If I am an at will employee, can my employer retaliate against my license for resigning?

UPDATED: Oct 1, 2022

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If I am an at will employee, can my employer retaliate against my license for resigning?

I am a home health nurse that was working for an at will employer. I resigned from the employer and my

supervisor told me that she will be reporting me to the nursing board for neglect of my patients she had scheduled me for this week. I had not scheduled with any of my patients or agreed to see them when I put in my resignation. I am scared I will lose my nursing license for neglecting patients I had never agreed to see. Is this neglect am I harming my patients by resigning from a company with other nurses that they can be re-scheduled too?

Asked on February 3, 2019 under Employment Labor Law, Arizona


M.D., Member, California and New York Bar / FreeAdvice Contributing Attorney

Answered 3 years ago | Contributor

No, your employer cannot legally retailate against you for resigning. Assuming that you have no employment contract or union agreement stating otherwise, there should be no negative consequnces for you upon leaving the company. The fact is that most work relationships are "at will" which means that an employer can dismiss an employee for any reason or no reason at all and an employee can leave the business for for any or no reason, with or without notice.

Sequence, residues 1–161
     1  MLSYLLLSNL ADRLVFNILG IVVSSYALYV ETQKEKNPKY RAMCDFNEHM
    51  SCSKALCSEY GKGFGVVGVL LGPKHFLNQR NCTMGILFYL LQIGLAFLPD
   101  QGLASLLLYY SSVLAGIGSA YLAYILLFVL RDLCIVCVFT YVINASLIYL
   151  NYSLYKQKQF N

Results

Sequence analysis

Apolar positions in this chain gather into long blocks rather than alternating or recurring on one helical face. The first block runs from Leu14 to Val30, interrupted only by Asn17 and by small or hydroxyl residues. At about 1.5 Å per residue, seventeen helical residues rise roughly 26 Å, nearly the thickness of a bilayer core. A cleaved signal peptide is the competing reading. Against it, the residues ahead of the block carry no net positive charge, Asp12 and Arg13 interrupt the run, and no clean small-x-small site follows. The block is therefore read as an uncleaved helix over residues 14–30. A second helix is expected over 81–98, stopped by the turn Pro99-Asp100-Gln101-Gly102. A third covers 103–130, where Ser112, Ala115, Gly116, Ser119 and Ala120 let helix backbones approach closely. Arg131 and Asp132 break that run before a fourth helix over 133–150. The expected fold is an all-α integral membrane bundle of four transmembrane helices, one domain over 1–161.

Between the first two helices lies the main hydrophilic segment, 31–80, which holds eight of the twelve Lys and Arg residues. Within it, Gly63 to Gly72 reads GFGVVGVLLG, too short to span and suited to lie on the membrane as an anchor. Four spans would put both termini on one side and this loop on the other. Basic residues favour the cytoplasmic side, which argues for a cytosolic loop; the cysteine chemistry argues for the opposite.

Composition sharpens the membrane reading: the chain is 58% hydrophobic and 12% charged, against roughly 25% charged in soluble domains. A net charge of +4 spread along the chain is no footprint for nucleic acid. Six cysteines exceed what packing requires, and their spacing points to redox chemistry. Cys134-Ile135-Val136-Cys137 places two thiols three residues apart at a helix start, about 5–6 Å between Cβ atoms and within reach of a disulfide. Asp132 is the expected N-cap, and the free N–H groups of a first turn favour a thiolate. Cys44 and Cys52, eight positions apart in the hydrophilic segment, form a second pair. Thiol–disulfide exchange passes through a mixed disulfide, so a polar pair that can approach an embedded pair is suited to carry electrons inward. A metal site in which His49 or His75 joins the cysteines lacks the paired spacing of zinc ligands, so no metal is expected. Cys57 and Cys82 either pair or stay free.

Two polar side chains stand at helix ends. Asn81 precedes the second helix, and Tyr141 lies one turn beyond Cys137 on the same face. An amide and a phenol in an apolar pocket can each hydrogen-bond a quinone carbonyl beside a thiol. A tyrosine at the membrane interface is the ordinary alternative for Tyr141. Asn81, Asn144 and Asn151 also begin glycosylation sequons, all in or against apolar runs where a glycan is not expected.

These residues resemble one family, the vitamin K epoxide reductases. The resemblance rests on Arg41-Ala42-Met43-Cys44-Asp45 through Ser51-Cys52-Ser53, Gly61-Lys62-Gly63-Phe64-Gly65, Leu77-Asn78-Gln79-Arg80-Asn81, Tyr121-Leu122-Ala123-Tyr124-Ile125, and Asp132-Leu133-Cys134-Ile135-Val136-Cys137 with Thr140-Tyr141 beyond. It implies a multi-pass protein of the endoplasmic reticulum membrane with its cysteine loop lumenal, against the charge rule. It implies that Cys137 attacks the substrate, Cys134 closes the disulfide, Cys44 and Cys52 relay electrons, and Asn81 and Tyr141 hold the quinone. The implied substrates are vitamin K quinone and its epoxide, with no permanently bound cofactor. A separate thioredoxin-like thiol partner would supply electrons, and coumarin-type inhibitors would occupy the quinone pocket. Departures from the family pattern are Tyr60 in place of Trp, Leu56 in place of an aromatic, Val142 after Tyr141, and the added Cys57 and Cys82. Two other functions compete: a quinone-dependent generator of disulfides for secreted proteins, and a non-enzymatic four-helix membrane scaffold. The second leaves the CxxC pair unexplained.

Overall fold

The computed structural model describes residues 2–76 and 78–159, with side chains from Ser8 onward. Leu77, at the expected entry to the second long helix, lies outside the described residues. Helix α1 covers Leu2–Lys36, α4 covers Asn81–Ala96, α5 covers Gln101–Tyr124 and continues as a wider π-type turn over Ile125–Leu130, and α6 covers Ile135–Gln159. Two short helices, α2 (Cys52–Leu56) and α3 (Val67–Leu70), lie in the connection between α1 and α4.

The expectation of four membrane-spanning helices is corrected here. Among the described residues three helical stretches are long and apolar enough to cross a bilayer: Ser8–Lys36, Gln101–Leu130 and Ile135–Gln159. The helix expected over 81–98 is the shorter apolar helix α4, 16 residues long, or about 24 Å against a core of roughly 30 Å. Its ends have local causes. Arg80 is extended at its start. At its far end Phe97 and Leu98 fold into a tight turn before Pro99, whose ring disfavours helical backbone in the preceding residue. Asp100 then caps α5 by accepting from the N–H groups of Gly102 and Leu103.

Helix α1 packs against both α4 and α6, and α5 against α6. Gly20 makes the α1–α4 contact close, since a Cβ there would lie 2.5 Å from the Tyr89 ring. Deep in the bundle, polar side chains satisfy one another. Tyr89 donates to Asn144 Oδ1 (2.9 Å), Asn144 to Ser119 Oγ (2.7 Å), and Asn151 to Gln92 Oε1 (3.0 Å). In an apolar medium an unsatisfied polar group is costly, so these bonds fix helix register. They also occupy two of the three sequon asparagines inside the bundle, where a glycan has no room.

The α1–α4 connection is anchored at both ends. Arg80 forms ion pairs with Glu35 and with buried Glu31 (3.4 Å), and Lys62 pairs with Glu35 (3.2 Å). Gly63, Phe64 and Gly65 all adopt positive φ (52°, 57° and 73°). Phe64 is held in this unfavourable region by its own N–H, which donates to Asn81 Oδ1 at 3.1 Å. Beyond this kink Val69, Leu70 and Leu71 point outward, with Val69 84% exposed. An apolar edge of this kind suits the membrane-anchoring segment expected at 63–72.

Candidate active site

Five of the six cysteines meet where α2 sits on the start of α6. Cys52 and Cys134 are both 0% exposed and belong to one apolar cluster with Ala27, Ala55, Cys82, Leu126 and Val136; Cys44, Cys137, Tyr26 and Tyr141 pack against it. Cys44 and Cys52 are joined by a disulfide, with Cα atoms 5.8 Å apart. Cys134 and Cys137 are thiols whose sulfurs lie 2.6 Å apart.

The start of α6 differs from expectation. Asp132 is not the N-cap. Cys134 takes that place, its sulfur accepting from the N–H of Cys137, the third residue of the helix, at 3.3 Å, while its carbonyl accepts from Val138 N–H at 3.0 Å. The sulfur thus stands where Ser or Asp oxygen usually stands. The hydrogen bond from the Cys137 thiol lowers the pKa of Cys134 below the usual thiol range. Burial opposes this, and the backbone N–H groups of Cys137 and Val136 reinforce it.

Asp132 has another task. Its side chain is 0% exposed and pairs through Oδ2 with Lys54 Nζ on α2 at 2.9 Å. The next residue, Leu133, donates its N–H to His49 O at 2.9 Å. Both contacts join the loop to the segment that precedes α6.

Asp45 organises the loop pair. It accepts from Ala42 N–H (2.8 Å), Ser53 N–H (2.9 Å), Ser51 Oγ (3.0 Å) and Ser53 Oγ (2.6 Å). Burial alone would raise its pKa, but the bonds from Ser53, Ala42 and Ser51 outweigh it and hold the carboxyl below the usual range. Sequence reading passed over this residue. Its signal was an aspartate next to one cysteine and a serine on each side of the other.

SJZ, Member, New York Bar / FreeAdvice Contributing Attorney

Answered 4 years ago | Contributor

No, the employer legally may not. Employment at will means employment at will for both sides--employee as well as employer. Just as the employer can terminate an at-will employee at any time, the employee can resign at any time and is not obligated to keep working for the employer. You did nothing wrong.

IMPORTANT NOTICE: The Answer(s) provided above are for general information only. The attorney providing the answer was not serving as the attorney for the person submitting the question or in any attorney-client relationship with such person. Laws may vary from state to state, and sometimes change. Tiny variations in the facts, or a fact not set forth in a question, often can change a legal outcome or an attorney's conclusion. Although AttorneyPages.com has verified the attorney was admitted to practice law in at least one jurisdiction, he or she may not be authorized to practice law in the jurisdiction referred to in the question, nor is he or she necessarily experienced in the area of the law involved. Unlike the information in the Answer(s) above, upon which you should NOT rely, for personal advice you can rely upon we suggest you retain an attorney to represent you.

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